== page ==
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‘Mr. Rick’ brought sunshine to children, from his heart, soul and being

Richard R. Siska joined John W. Fountain on Thursday mornings to read to boys and girls at Matteson Elementary School. He died earlier this year.

John Fountain’s friend Richard Siska reads to children at Matteson Elementary School.
John Fountain’s friend Richard Siska reads to children at Matteson Elementary School.
Photo by John Fountain.

“This is my commandment, That ye love one another, as I have loved you. Greater love hath no man than this, that a man lay down his life for his friends.” — St. John 15:12-13

Be like Rick. Give without regret, without expectation. Love without dissimulation. Live, laugh, love, uplift others, even the least of these. Be like Rick.

I want to be like Rick.

In a world that assigns superstar and role model status to men with bulging muscles, to so-called heroes who drip with bravado, physical power and prowess; a world that immortalizes professional athletes and idolizes fictional heroes like Iron Man, Captain America and the Incredible Hulk; everyday mere mortal men often go overlooked.

Sometimes pass from this life into invisible eternity like a vapor — barely noticed, their presence dissolved, perhaps soon to be forgotten. Except by those who have felt upon their hearts and soul the breath and beauty of a man who poured purely, selflessly, from his heart, soul and being — until his breath itself was gone.

Like Rick. I want to be like Rick…

Rick, or “Mr. Rick,” as the children of Matteson Elementary School called him, was my partner in time for a season now cemented in my soul.

He is my brother from another mother who answered my call six years ago. “Looking for a few good men,” I wrote in my column. Richard R. Siska showed up one bright Thursday morning.

He was the first. And for a while, he was the only. We were ebony and ivory.

Plainly dressed and dripping with the enthusiasm of a newly minted grandpa, he said he had stumbled upon my column.

“I was like, ‘hey, I’m not doing anything,’” he quipped. “‘I can do that.’”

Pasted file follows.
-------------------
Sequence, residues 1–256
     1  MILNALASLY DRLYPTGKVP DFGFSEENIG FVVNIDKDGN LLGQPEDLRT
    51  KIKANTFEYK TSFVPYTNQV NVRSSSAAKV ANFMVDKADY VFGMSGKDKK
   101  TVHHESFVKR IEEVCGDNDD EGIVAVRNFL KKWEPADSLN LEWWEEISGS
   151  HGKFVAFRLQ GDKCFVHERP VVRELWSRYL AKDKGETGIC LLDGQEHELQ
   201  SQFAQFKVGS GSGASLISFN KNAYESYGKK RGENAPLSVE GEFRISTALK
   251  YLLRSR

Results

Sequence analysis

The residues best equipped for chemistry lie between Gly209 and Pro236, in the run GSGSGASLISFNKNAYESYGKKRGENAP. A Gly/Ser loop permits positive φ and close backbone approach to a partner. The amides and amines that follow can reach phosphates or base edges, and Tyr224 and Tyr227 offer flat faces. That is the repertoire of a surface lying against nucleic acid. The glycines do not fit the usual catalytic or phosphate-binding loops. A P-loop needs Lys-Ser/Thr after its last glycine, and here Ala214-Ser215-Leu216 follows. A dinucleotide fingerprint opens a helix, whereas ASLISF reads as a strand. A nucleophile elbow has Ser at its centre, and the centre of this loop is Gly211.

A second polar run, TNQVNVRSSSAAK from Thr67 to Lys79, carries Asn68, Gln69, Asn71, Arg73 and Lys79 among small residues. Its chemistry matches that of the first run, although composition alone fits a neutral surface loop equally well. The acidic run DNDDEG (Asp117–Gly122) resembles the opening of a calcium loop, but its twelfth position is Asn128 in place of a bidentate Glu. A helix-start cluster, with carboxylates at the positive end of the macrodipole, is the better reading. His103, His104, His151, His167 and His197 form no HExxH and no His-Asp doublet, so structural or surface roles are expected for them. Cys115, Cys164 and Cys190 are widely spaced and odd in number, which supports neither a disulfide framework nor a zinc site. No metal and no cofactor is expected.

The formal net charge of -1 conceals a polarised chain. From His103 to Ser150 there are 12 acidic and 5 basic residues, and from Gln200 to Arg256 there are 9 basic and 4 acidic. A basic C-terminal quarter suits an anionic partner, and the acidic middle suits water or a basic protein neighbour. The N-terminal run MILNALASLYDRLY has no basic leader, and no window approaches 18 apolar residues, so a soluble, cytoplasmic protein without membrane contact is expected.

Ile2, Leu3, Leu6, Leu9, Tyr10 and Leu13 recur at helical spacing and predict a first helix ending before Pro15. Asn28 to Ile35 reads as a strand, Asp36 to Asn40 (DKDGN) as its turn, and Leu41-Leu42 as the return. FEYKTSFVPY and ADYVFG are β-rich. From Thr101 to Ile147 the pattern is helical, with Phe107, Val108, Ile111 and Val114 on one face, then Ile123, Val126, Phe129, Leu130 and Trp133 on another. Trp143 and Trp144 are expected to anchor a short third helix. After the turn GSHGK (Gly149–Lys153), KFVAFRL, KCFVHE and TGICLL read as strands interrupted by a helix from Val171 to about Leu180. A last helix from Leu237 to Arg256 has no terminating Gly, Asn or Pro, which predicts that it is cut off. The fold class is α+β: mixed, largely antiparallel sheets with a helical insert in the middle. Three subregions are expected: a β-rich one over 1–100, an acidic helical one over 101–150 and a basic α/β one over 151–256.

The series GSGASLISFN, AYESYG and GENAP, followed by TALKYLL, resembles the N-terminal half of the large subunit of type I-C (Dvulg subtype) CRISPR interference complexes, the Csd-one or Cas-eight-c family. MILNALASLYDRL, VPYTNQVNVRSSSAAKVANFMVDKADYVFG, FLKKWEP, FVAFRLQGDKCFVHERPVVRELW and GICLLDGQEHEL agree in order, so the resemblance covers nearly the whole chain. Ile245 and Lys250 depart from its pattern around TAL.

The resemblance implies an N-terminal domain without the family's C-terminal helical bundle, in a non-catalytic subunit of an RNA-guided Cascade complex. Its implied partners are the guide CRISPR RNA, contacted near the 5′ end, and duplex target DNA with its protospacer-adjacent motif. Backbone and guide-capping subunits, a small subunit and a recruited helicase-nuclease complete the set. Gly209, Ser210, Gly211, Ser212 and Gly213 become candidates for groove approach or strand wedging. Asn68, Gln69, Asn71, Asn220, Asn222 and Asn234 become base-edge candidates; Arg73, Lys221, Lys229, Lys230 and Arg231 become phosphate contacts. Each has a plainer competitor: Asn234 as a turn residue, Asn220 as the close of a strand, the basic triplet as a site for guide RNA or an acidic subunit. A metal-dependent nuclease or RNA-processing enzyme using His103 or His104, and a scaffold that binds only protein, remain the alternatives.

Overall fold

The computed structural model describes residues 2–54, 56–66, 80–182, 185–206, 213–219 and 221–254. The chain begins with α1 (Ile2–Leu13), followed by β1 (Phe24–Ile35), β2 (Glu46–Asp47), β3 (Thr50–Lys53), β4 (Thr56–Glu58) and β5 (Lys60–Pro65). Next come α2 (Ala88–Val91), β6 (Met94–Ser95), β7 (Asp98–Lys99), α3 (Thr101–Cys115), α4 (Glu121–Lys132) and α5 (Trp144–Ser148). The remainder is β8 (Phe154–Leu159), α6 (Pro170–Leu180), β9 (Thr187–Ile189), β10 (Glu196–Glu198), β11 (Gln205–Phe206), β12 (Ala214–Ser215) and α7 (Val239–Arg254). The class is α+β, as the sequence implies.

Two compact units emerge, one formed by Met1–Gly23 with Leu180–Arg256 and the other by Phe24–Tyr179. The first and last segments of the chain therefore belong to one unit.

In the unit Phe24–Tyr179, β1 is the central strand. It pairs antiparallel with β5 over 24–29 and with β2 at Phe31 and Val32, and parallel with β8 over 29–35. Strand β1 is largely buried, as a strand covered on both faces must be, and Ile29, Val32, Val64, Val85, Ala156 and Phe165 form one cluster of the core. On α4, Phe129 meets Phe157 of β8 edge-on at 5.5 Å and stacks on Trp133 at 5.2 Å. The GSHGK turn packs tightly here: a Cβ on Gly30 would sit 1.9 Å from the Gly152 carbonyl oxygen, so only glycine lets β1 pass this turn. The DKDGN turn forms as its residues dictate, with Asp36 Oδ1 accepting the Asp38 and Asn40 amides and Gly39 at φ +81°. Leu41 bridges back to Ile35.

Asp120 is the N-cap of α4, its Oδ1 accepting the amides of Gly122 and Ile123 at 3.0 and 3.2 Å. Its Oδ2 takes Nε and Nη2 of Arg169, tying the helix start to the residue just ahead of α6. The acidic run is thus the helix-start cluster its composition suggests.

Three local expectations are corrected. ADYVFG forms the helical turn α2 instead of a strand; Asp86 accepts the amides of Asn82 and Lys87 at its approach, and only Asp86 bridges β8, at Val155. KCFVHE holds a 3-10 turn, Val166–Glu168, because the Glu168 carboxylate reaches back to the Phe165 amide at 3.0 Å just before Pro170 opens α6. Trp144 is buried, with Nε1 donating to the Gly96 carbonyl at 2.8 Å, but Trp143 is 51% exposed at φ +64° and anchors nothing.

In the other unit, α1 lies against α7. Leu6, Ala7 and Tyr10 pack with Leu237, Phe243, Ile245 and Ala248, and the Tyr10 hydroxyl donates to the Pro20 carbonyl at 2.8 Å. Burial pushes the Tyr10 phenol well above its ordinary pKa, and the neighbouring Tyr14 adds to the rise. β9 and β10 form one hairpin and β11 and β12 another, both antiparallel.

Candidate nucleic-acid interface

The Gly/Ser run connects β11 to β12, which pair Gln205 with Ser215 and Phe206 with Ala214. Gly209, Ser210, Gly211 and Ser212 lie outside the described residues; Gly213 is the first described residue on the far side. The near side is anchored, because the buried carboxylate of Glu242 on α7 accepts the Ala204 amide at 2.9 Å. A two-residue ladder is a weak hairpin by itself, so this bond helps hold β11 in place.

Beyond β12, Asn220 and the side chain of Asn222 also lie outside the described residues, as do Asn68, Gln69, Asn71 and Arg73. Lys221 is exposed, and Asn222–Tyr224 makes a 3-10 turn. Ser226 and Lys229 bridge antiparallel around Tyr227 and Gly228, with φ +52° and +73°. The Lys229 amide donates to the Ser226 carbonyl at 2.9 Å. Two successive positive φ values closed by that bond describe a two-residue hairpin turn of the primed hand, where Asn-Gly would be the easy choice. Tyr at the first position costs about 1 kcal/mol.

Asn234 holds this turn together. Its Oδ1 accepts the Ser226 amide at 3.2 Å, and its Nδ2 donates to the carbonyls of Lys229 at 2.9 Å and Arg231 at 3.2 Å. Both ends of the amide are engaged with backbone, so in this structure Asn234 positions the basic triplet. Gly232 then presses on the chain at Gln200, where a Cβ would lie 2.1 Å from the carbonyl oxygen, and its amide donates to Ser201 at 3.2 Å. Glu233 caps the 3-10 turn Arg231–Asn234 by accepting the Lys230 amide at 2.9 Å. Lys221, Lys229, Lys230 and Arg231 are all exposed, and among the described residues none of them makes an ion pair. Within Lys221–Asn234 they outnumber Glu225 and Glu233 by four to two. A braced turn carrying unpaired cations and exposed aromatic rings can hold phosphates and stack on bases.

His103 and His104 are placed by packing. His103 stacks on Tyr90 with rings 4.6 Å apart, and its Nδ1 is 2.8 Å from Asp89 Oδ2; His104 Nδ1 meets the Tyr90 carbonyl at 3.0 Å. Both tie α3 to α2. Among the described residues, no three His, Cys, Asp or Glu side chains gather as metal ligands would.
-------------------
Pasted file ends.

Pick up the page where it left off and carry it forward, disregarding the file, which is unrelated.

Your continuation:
And so he did. For the children. Always for the children.

Rick used to tell me, smiling with that effervescent childish gleam in his eyes, “Johnny, I don’t know how much time the Good Lord has left for me here, but I’m gonna read until I can’t. I just love it.”

Lord, make me more like Rick…

Honestly, I had hoped initially to recruit a battalion of Black men to help read at the predominantly Black south suburban school.

But Mr. Rick would teach me a lesson: That more important than the color of a man’s skin, what’s needed for mentoring Black children is the content of a man’s heart. That the heart of a man willing to become an agent of change for his community can become a rainbow of hope, joy, sunshine.

Mr. Rick brought the sunshine. Every single Thursday morning of every week we assembled to read, with every ounce of joy and energy that surrounded him like a golden sun-lit aura. He loved the children. And they loved him back, their voices ringing upon sighting him in the halls, “Misssssterrrrr Riiiiiick!”

Lord, I want to love like Rick...

On many mornings, it was just Mr. Rick and me. Then others joined. Some came and went. We eventually grew to a steady faithful dozen.

In my times of discouragement over the absence of other men, Mr. Rick’s presence helped me keep the faith. Honestly, some mornings I would have been a no-show — disheartened by the virtual complete absence of the fathers of the several hundred children enrolled at the school. Mr. Rick’s enthusiasm and assured presence each Thursday called me to accountability.

He became a one-man public relations machine known to pester public officials and show up at village meetings, recruiting and extolling the virtues of our program. Of course, I wrote again. We even stood on the street with signs. News traveled. The news cameras came. So did the men. On rare Thursdays, we had as many as 40. Then the young men at Southland College Prep Charter High School joined our ranks.

We were up and running smoothly. Then last year the pandemic happened, school closures and remote learning, and a pause in our reading program, though thanks to technology, we returned virtually. Now Real Men Read is available online and in perpetuity to children district-wide, even globally.

…All from a dream and a seed when there was once only me — and Mr. Rick.

Mr. Rick, my brother and dear friend, suffered an injury in summer 2020, and was never able to join our virtual readings. He died on a winter’s Friday, on Jan. 22, surrounded by family — passing from this life into eternity, though not from our hearts and memories. He was 86.

This weekend, at a service at Matteson School to celebrate his life, family and friends will remember Richard R. Siska. For the way he gave — without regret. For the way he loved — without dissimulation.

And as a mere mortal but real-life hero who poured purely, selflessly, from his heart, soul and being — until his breath itself was gone. For the children. For the good of his community. And whose fragrance, like a rose that blooms afresh each season, will live on.

I love you, brother. I miss you. And I hope someday to see you again.

Until then, Lord, make me more like Rick.

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